I recently read the novel, Eternal Life, by Dara Horn, which revolves around a woman named Rachel, who lives in the time of the 2nd Temple. As an aside, as we approach Tisha B’Av, I’ve been thinking about this book a lot, and I don’t think anything I’ve read before has connected me to the destruction of the temple as much as this contemporary novel, so if you need some reading to get you through the Nine Days, I highly recommend this book.

Rachel, the character, takes a vow that grants her immortality, but what might sound like a blessing quickly reveals itself to be a curse. The connection between Rachel’s vow and this week’s parsha is what first caught my attention, but even more, the fictional Rachel experiences firsthand how women were treated in Temple times and how their role in society has evolved since then. She has lived through every generation, and her narrative provides a historical measuring stick for women’s rights around things like property transfer, deciding who to marry, and women’s identity and autonomy. Just like the historical ketubah text, something that she experienced as revolutionary in one time period can still be out of place today.

And yet, how anachronistic are these things, really – things like women’s decisions or ideas being overruled by men? The examples from today’s parasha of how women fit into Biblical society can be so difficult for us to read because we think they no longer apply, while, really, deep down, we know that we’ve only come so far.

An article by Casey Cep in the July 8th and 15th issue of the New Yorker looks at several books about the women’s suffrage movement on the occasion of the 100th anniversary of the 19th amendment. When I realize that women have only had the right to vote for 100 years, well, it puts the sexism of the Torah into a very different historical context. The subtitle of the article is, “The halting, imperfect, unfinished work of women’s suffrage,” and indeed, the quest for women’s rights – and all voting rights – has been imperfect, and is unfinished.

In a truly egalitarian society, we wouldn’t be talking about equal pay for women as something to strive for. It would be a given. We wouldn’t have to worry about all-male panels at conferences, or sexual harassment at work, because it would be unthinkable. We wouldn’t have to consider whether we are willing, sometimes, to quiet our own voices because that is what is expected of us. I’m grateful to my friend Amit, who delivered the d’var Torah on this bimah only a few weeks ago, and who talked about amplifying women’s voices, and the responsibility we all have to listen.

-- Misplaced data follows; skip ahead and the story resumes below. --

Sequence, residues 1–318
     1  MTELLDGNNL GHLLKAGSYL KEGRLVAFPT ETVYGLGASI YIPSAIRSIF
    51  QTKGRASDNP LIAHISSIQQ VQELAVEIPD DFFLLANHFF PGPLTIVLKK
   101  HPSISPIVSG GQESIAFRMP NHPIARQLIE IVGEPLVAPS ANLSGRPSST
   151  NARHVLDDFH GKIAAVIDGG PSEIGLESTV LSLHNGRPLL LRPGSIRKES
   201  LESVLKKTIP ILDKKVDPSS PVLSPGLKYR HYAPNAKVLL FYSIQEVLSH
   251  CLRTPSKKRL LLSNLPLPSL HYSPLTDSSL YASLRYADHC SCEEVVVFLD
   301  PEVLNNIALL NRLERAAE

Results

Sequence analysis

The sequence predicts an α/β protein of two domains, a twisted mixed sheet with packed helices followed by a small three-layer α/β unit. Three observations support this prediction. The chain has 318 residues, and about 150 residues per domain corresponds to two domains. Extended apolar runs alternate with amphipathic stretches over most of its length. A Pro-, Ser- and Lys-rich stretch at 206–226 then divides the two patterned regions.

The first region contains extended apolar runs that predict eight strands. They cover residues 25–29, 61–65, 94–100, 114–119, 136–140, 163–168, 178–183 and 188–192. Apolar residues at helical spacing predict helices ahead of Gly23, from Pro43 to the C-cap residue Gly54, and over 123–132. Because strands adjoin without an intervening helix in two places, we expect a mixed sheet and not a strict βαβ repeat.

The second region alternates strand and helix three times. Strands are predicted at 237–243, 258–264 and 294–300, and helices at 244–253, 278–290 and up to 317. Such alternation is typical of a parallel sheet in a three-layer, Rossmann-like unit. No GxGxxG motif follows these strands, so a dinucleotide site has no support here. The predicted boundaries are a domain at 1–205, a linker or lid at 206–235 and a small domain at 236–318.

A recently published infographic entitled, “Dynamics of the Jewish Patriarchy,” created for this summer’s issue of the Journal of the Association of Jewish Studies by Elana Sztokman and Shoshana Balofsky, cites a number of sobering statistics, including the following: Fewer than 17% of top executives of Jewish non-profits are women. Jewish women execs make 60% less compared to men. Writing under a man’s name makes you 8 times more likely to get published. Less than one third of board members at Jewish non-profits are women.

Each time we read something in the Torah that strikes us as sexist, outdated, or impossibly hard to imagine, I hope we can take another moment to appreciate, yes, how far we’ve come, how lucky we are to daven together in this egalitarian space, and how privileged we are to have female and male leaders to look up to. But also, we need to take those moments to reflect on where we hope to go from here. We are still pushing against a legacy where different rules apply to women and men, and where it’s not at all impossible to see where women are subjected to circumstances that are not egalitarian at all.

Let’s continue looking at our contemporary world through a lens of striving for equality and true and honest egalitarianism — not just a system that looks good compared to our history or compared to the society around us, but a world that is equal and just by any and all objective measures.

Shabbat shalom.